The question of federalism is an important historical issue which unified and divided the country since before the country’s independence in 1948. The idea of forming a Union government that would give equal status to all citizens brought together different ethnic groups at the Panglong conference in February 1947.
The same issue divided the country psychologically and emotionally when the Anti-Fascist People’s Freedom League (AFPFL), the first elected government after independence, failed to fulfill the political aspirations of the country’s non-Burman ethnic nationalities.
When the non-Burman ethnic groups (the frontier people) pushed for autonomy or federalism, coupled by the weak civilian government at the center, the military leadership under General Ne Win staged a coup d’état in March 1962. The military hierarchy was anathema to federalism though it was incorporated in the 1947 constitution.
The successive military governments had construed the use of the word ‘federalism’ as anti-national, anti-unity and pro-disintegration.
Until as recent as 2011 when the State Peace and Development Council military government allowed the Union Solidarity and Development Party government led by President Thein Sein, who himself was a military general, to form a quasi-civilian government, one could land into jail for advocating federalism.
With a gradual democratization process, the Thein Sein government accepted the concept of federalism. And this has been one of the core principles of the ongoing peace process with the country’s ethnic armed groups.
As a pro-democratic party, the NLD has been supportive of a federal government. But nobody really knows what type of federalism Myanmar would eventually have, not even the ethnic minorities that have championed the cause for the past several decades.
During my visit to Myanmar in 2014, I asked the former Prime Minister General Khin Nyunt, who introduced the seven-step road map toward a ‘flourishing and disciplined democracy’, as to what type of federalism Myanmar should adopt. His response was that the country needs a federal democracy that best suits the country.
What type of federalism would best suit the country and its people? Is the American type of federalism or the quasi-federalism practiced in India? The 2008 constitution neither follow America nor India, the two biggest democracies of the world.
For example, in American federal system, the citizens cast ballots for a slate of members of the electoral college which then elects the president. And the president serves as the chief executive and commander-in-chief of the armed forces.
Similarly, the Indian president is elected indirectly by the people and is a nominal head of the country and the commander-in-chief of the armed forces. However, the day-to-day administration is under the leadership of the prime minister.
In Myanmar, the president is indirectly elected by the people through members of the parliament but he is not the commander-in-chief of the armed forces. Since there is no role for prime minister, the president oversees the day-to-day administration.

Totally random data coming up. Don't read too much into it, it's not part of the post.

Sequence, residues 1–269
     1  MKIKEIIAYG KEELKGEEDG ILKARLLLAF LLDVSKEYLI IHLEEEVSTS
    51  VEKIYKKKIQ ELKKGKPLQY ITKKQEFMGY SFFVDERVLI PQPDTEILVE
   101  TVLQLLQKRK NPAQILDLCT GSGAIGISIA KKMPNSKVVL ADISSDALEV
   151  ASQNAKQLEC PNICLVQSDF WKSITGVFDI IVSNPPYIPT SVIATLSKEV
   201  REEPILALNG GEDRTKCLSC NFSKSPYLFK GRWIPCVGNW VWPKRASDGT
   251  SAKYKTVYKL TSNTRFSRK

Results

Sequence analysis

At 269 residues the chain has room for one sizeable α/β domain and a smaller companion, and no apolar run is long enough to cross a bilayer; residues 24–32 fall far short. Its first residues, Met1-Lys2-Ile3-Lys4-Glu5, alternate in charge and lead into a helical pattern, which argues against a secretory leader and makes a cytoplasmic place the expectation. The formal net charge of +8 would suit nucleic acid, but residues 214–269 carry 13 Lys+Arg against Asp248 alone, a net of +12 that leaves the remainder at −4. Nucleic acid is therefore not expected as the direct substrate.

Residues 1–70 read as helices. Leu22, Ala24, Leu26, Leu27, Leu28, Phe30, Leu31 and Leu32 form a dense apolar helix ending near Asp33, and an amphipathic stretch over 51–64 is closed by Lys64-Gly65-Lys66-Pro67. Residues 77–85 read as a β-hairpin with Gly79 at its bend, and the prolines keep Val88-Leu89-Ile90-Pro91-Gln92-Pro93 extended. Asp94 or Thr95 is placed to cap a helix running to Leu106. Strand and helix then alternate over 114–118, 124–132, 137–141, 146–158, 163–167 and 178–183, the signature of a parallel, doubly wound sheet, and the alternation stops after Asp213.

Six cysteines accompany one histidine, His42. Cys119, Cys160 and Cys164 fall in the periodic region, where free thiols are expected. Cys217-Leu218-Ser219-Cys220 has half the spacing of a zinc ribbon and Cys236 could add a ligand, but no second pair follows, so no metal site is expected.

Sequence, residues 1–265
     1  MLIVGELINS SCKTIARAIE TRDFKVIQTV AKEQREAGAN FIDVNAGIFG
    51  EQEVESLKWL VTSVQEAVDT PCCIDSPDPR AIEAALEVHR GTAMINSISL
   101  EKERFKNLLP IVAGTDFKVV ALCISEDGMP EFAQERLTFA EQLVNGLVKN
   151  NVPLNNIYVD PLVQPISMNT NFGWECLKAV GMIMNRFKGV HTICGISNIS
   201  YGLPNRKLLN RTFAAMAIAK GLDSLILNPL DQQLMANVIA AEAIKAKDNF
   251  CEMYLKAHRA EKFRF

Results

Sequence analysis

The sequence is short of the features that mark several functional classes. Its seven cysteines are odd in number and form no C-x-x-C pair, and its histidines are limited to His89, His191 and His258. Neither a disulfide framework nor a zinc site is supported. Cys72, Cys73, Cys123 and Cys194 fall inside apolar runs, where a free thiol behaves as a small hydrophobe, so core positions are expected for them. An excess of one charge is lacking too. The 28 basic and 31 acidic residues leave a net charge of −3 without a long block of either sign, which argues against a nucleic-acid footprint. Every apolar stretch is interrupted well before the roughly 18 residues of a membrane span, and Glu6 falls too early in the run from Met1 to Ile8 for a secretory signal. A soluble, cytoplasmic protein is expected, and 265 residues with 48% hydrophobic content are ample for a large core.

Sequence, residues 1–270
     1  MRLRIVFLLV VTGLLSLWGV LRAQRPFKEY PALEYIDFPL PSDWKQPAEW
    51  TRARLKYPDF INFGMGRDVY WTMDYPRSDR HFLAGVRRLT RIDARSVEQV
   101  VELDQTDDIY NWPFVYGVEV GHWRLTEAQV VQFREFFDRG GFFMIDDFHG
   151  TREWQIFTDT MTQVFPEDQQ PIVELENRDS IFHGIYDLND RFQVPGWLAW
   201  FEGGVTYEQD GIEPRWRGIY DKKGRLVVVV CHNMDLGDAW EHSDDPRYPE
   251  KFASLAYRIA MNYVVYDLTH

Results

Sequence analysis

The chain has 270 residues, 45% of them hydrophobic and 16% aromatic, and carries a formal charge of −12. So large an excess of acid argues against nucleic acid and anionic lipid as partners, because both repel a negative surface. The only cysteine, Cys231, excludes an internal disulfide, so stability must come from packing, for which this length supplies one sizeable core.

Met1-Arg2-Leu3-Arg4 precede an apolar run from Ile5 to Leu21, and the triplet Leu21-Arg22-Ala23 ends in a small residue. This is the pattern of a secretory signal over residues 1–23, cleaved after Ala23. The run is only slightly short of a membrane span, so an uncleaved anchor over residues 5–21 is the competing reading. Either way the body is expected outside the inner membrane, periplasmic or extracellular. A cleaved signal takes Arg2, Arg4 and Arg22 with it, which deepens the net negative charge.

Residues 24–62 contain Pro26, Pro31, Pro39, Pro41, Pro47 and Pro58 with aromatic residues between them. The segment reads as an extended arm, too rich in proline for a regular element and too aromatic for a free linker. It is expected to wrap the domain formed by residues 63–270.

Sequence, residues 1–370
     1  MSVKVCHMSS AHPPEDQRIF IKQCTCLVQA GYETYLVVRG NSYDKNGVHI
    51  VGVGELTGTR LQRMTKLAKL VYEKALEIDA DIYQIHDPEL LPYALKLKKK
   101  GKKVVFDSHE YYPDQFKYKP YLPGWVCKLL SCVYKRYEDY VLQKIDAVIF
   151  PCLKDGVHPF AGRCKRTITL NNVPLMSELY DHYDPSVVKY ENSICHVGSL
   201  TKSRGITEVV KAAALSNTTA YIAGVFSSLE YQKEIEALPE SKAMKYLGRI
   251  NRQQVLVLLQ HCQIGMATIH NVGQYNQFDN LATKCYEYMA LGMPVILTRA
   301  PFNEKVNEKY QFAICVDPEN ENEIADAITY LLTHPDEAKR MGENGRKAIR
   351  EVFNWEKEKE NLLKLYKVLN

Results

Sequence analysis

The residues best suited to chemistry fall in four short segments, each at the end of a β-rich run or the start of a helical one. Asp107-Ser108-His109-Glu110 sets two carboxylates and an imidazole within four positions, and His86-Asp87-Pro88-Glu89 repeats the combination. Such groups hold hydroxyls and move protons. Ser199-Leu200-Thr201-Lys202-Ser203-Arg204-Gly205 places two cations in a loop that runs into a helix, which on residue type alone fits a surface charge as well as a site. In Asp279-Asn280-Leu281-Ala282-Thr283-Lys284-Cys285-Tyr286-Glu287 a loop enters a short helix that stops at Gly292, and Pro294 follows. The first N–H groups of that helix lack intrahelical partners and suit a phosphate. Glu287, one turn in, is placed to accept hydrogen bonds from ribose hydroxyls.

One fundamental principle of federalism envisioned by ethnic minorities is that there should be equal status for all ethnic groups. Their argument is that despite their numerical majority, the Burman group should be treated as one ethnic group like any other ethnic groups of the country.
However, the irony is that there is no one particular Burman state or region or zone. The seven states are named after different ethnic groups while the seven regions are by default considered as the territory of the Burman people, despite the presence of multi-ethnic groups.
Given the sizeable majority, as well as their control over the government and the military institution, it would be very hard for the Burmans to accept the notion of equal status and equal opportunities in line with ethnic minorities.
Another major problem of building a genuine federal system is the dominance of the military. The military not only has 25% reserved seats in all legislatures, but also appoints one vice-president and holds three most important ministries – home, defense and border affairs.
The military also heads the National Defense and Security Council, which has the authority to declare national emergency for the military to take charge of all branches of the government – executive, judiciary and legislative.
One other basic universal element of federalism is that individual states should have power over their legislative affairs as well as electing their own governors or chief ministers. In the present system in Myanmar, states are deprived of these fundamental rights.
As the National League for Democracy begins to form a new government, it should explore all possible means to bring change in the system itself, starting with amending or replacing the undemocratic or the unfederalistic constitution.
One such possible route would be through the peace process with ethnic armed groups, outside of the parliament. Another option, though the chance is very slim, is to gradually convince the military to reduce its role in politics through the legislative process. Despite the challenges and difficulties ahead, the type of federalism Myanmar needs to build is a system that guarantees equality of rights to all ethnic groups and decentralizes or delegates power to state and local governments. The military and its institution must be accountable to a democratically elected civilian government.
(Dr. Nehginpao Kipgen is an Assistant Professor at the School of International Affairs, O.P. Jindal Global University. He is the author of three books on Myanmar, including the forthcoming ‘Myanmar: A Political History’ by Oxford University Press.)